While you need to check against your specific requirements, we’ve compiled a list of some other aspects that we believe you should also consider during your review: East of Use; Support & Service and Vendor Reliability.

1. Ease of Use – Test it:

While every software vendor (including Wild Apricot) will tell you that their software is easy to use, everyone has different levels of technical skill, knowledge, and prior experience that will impact how easy it is for them to use a piece of software. When evaluating systems for ease-of-use consider:
  • Getting access to a full trial version of the software. Canned demos are no substitute for trying out the software yourself.
  • Choose several volunteers from your team to test the trial version and select several typical tasks you want to do in your software.  Ask your volunteers to rate the ease of use for each system for each task.

2. Support and Service: 

If you are looking at desktop or packaged software, you install it, run it and often never come in contact with the software vendor.  But while you may not be concerned about an on-going service relationship, you should ensure that there is adequate in-package and/or online orientation and training so that current and future users can effectively use the software. 

But if you are selecting web-based software, also known as Software as a Service (SaaS), there are a number of other aspects to consider, besides system functionality – and they are all about service! Find out which of the following the provider offers in terms of support options:

  • Online support (via the website)
  • Online chat
  • Email
  • Phone

Also be sure to ask what their tech support covers, and what it doesn't cover? Costs? Availability (work days, 24/7, etc.). Check out the support for yourself - ask specific questions and rate the answers and the response timelines.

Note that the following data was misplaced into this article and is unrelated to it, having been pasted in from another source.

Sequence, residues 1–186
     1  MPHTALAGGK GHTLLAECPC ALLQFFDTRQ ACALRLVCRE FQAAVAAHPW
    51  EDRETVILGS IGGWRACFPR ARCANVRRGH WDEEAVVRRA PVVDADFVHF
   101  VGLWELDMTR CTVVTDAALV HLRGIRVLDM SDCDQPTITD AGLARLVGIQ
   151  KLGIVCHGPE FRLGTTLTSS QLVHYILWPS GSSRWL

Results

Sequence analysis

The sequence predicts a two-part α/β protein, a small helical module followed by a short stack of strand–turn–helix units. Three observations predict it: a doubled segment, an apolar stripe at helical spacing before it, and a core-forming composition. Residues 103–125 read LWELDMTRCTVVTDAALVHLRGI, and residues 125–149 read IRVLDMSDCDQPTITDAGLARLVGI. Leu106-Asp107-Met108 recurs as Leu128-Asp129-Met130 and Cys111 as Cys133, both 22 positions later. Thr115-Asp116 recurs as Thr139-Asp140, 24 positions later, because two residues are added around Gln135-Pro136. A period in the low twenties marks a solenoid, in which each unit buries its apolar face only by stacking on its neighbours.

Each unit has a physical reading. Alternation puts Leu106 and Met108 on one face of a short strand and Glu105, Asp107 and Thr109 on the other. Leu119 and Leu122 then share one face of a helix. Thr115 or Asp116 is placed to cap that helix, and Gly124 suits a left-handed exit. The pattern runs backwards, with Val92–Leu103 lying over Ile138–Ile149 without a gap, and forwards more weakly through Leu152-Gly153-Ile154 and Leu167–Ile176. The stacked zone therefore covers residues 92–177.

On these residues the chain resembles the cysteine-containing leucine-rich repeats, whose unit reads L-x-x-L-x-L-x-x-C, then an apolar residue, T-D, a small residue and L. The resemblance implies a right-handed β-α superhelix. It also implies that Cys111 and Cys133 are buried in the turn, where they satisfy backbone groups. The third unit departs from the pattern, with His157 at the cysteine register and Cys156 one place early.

3. Vendor Reliability: 

Evaluating vendor reliability is a difficult, but important exercise in due diligence. This is especially important for web software, since it lives on the vendor's servers. Review the following information for each potential SaaS provider:

  • Check user Testimonials and Reviews: Honest feedback from existing software users can be an extremely important factor in your decision-making process. But the key word is “honest.” Take a look at:
    • Each potential provider’s customer testimonials and client references. Some vendors, like Wild Apricot for example, publish a full list of raw comments from our regular customer reviews — the good, the bad (grammar), and the ugly!
    • Conduct a Google search. Look for "XX software user reviews" or even "software XX sucks." You may have to wade through many pages of search results to find useful and unbiased user feedback.
    • Reviews on third-party sites such as GetApp  can be insightful
    • Software discussion forums: Even if these are hosted by the vendor, take some time to read the comments to see what people are asking and complaining about — and how the vendor responds.
  • Company image/reputation:
    • Is it clear who is behind the company? Who and how big is the team?
    • How long has it been in business? This doesn’t mean you should exclude young companies — but evaluate them carefully and weigh their reliability with all other aspects.
  • Security: This is a big issue for online providers. Some security questions to consider:
    • Are there individual passwords for each user (administrator and member)?